This is the story of a Federal retiree who also served in the military and had a pretty lucky hand at playing the stock market. In other words, he has amassed a fairly sizable fortune. He has one surviving heir, his son. Lately he has begun to worry about what to do with his wealth since he is approaching 90. He is in good health and I don’t think he will be making that final journey anytime soon. He comes from a family of very long livers – 100 plus.
I listen to him more than I shell out advice. I really believe that it is nonsense to wait until death to share your resources with the people you intend to have it. Chances are many of the people could use a hand-up right now to make life a little easier. He is smart enough to make certain he has enough to see him through. After all, this is a gentleman who came of age during the Depression and some of the most cruel conditions surviving both in the military and the federal service. Yet, he became a very wealthy man and from what it seems he will never have to worry about his financial well-being.
He has been gathering the names of all of his surviving nieces and nephews around the country so that he can name them in his will and not have to leave everything to his son; particularly, since they don’t communicate that much. I believe all-in-all that the son is a fairly decent human being. The only thing I know that the son has done is not visiting his father enough. That might be because he and the father don’t see eye to eye on a number of political and social issues. Well that might be true for the lot of us.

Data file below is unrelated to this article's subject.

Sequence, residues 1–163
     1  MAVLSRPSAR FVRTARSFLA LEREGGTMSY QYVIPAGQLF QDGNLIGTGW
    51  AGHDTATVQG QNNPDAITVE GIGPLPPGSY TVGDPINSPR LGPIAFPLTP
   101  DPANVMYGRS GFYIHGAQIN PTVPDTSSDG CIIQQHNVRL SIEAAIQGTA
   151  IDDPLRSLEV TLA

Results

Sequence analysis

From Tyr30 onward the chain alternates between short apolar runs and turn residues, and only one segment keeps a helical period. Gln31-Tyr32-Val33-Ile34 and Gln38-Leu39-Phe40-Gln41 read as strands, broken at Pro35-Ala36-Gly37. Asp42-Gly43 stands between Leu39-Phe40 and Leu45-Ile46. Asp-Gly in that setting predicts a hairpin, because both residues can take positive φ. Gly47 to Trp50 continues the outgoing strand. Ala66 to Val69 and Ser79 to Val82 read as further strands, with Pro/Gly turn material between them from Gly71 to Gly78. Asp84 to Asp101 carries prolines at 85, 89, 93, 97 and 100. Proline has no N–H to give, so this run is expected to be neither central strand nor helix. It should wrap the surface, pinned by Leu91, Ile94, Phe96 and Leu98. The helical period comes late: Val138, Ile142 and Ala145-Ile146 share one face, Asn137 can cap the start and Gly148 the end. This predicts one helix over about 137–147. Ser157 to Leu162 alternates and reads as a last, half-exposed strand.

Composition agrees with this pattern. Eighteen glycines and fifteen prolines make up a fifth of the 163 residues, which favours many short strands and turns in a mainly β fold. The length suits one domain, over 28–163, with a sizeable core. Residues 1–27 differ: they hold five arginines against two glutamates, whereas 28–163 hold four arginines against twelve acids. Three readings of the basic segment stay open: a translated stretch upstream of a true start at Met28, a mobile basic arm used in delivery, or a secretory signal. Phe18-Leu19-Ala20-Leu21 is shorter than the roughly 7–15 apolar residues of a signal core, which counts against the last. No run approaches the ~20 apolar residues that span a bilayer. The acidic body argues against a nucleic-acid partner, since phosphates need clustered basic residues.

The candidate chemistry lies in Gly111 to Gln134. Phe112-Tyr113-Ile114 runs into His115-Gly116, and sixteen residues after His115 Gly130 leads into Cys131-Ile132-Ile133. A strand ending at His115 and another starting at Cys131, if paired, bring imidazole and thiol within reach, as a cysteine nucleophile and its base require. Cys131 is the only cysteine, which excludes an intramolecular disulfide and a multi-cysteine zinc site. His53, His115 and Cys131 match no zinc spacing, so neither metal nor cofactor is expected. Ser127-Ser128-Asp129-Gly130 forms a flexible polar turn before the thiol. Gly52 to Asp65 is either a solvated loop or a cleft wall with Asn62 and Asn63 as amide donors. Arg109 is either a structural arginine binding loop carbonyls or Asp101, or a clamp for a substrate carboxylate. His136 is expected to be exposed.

If I felt so compelled to advise him this is what I would say. Sit down with your attorney and your financial advisor and propose drawing up a document to give your only child – your son what you intend for him to have now. Discuss all of the tax consequences and all the other nuances – and give him the second gift of a lifestyle. His first gift was truly his parents – he had great parents and has a great father. His mother passed on some years ago and she knew her son would be just fine. In other words, the son received the kind of love growing up that will always sustain him even if he does not see eye-to-eye with his father on some things. I would also give the nieces and nephews what I intended for them to have. They have families and children in college or headed off to college. A few dead presidents here and there could lighten the load.
If he intends to give some to charities, then he can hold off on that. Instead of worrying about what to do with the accumulated wealth into old age, take care of that now so that you can see your loved ones enjoying the fruits of your labor. I would get such enjoyment out of watching the smiles and the surprises on faces when they learned they could pay off a student loan debt, cover a grandchild’s tuition, help to pay down a mortgage and just a host of other things that can be a heavy burden on families.
We do things the way we have gotten used to doing them. Nobody said we couldn’t do some things differently. They might make more sense and they might help a lot more people sooner.
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